Earth’s lithosphere is made up of seven large tectonic plates and a number of smaller ones. The theory of plate tectonics that describes how these plates move is about 50 years old. But there’s never really been an understanding of how this system developed, and how the Earth’s shell split into separate plates and started moving.
Now a group of researchers have a possible explanation.
Continue reading “What Cracked the Earth’s Outer Shell and Started its Plate Tectonics?”
Venus’ surface is no stranger to volcanoes. Radar images show more than 1,000 volcanic structures on the planet. But for the most part, they appear to be ancient and inactive.
Now a new study says that Venus is still volcanically active, and has identified 37 volcanic structures that were recently active. If true, there’s more going on inside Venus than thought.
Continue reading “It Looks Like There are Still Active Volcanoes on Venus”
If you’ve ever used a compass, you know that the magnetic needle always points North. Well, almost North. If you just happen to be out camping for the weekend, the difference doesn’t matter. For scientists studying the Earth’s interior, the difference is important. How Earth’s magnetic field changes over time give us clues about how our planet generates a magnetic field in the first place.
Continue reading “Earth’s Magnetic Field is Changing Surprisingly Quickly”
When magma comes out of the Earth onto the surface, it flows as lava. Those lava flows are fascinating to watch, and they leave behind some unique landforms and rocks. But a lot of what’s fascinating about these flows can be hidden underground, as lava tubes.
These lava tubes are turning out to be a very desirable target for exploration on other worlds, just as they are here on Earth.
Continue reading “Why Lava Tubes Should be Our Top Exploration Priority on Other Worlds”
In January 2019, China landed its Chang’e 4 mission on the Moon’s far side. The Yutu-2 rover got busy exploring its surroundings. It’s still going, even though the rover’s nominal operating mission was only three months.
Among the mission’s findings was a strange material described as “gel-like.” Now an analysis of the material has revealed that it’s just rock: impact melt breccia.
Continue reading “That Strange Gel-Like Material Discovered by China’s Lunar Rover? It’s Just Rock”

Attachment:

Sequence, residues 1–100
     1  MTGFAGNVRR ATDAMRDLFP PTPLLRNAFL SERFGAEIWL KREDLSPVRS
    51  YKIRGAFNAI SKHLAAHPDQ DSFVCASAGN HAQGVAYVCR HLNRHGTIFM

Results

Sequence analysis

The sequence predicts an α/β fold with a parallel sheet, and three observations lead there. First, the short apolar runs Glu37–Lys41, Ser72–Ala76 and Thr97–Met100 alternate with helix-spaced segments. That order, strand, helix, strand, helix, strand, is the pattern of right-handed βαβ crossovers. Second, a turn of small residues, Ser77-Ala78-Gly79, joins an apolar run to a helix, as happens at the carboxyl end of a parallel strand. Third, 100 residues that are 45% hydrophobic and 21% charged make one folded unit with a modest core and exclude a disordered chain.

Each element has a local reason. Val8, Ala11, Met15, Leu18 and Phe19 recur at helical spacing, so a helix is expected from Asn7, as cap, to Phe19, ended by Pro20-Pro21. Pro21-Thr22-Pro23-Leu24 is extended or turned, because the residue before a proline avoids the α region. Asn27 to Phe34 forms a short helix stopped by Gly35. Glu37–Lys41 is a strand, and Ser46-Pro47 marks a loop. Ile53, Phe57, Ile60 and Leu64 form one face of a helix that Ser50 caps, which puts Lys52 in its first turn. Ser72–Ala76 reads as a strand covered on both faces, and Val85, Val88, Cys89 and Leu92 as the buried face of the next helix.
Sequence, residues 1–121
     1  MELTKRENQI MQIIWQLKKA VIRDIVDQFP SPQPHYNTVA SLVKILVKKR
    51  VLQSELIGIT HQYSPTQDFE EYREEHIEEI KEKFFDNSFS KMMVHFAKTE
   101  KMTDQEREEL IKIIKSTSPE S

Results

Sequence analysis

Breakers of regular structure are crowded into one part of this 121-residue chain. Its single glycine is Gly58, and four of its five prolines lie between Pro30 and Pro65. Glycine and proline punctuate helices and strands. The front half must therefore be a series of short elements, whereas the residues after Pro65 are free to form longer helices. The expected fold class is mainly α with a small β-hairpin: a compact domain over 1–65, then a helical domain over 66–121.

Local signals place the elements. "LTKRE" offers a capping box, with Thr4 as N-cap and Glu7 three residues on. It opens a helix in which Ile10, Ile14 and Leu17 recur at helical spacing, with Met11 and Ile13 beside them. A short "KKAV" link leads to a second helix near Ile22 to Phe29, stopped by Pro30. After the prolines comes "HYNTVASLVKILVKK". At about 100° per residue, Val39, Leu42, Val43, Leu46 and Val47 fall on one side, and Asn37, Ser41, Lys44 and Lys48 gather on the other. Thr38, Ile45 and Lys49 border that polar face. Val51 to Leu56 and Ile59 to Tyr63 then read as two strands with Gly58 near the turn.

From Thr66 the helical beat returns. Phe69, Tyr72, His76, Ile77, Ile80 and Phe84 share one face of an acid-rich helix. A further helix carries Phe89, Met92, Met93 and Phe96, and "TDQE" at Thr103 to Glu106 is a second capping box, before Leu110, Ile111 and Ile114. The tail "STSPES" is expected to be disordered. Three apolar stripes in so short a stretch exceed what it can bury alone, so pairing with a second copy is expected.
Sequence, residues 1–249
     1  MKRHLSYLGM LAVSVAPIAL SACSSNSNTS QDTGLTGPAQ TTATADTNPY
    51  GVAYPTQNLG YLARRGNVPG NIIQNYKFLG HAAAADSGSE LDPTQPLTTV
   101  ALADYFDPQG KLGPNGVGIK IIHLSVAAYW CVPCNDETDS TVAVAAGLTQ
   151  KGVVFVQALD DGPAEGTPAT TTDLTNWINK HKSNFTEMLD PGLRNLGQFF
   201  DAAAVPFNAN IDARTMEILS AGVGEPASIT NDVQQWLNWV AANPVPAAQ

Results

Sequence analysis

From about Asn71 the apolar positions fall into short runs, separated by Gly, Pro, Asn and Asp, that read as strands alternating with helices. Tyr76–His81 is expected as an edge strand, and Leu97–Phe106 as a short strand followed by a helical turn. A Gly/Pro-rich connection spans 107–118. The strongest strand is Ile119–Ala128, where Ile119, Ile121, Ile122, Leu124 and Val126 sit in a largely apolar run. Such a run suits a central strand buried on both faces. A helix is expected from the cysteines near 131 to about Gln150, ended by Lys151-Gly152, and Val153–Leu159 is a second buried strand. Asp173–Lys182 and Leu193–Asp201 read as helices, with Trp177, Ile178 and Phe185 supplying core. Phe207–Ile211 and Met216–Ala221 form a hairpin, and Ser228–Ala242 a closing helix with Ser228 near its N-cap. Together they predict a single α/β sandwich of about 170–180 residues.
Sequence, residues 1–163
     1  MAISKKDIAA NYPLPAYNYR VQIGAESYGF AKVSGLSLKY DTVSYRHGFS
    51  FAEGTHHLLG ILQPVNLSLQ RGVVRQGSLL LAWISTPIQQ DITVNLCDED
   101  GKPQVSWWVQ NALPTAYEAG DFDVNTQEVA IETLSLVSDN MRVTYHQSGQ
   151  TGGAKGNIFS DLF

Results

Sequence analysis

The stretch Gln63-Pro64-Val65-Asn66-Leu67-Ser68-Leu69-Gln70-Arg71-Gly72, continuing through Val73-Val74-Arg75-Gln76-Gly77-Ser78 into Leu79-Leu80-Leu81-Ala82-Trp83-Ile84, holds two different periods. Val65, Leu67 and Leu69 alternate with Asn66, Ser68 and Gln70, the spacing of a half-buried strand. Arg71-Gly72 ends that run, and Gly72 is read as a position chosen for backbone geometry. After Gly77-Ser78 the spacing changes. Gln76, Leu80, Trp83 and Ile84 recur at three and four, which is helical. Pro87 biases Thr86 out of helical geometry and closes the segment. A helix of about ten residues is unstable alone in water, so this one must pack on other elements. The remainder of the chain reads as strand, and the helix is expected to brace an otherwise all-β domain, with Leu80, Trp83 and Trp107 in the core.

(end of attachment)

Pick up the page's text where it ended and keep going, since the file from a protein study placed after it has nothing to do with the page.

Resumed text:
It seems almost certain that an asteroid impact wiped out the dinosaurs. But only almost. Another competing theory won’t completely go away: the extinction-by-volcano theory.
A new study from the UK piles more evidence on the asteroid side of the debate, while adding a new volcanic twist. These researchers say that volcanic activity actually helped life recover from the asteroid strike.
Continue reading “It Was Almost Certainly an Asteroid Impact that Wiped Out the Dinosaurs. In Fact, Volcanoes Might Have Helped Life Recover”
We all know what water is. And what rock is. The difference is crystal clear. Well, here on Earth it is.
But on other worlds? The difference might not be so clear.
Continue reading “Deep Down in Ocean Worlds, it’s Difficult to Tell Where the Oceans End and the Rock Begins”
The Moon is easily the most well-studied object in the Solar System, (other than Earth, of course.) But it still holds some puzzles for scientists. Why, for instance, is one side of the Moon so different from the other?
Continue reading “Do We Now Understand Why the Moon’s Near and Far Sides Look So Dramatically Different?”
There are bad days, and then there are really bad days. 65 million years ago, life on Earth – especially if you were a dinosaur – experienced the worst possible bad day, as a giant meteor came crashing down to the surface of our planet, unleashing an inferno followed by decades of nuclear winter. And the worst part? It didn’t have to be so bad.
Continue reading “The dinosaur killing asteroid hit the Earth at the most devastating possible angle”
The Chicxulub impact event was an enormous catastrophe that left a huge imprint on the Earth’s surface. Not only did it cause the mass extinction of the dinosaurs, it left a crater 180 km (112 miles) in diameter, and deposited a worldwide layer of concentrated iridium in the Earth’s crust.
But a new study shows that the impact also left its mark deep underground, in the form of a vast hydrothermal system that modified a massive chunk of the Earth’s crust.
Continue reading “The Meteor Impact that Wiped Out the Dinosaurs Created a Vast Underground Hydrothermal System”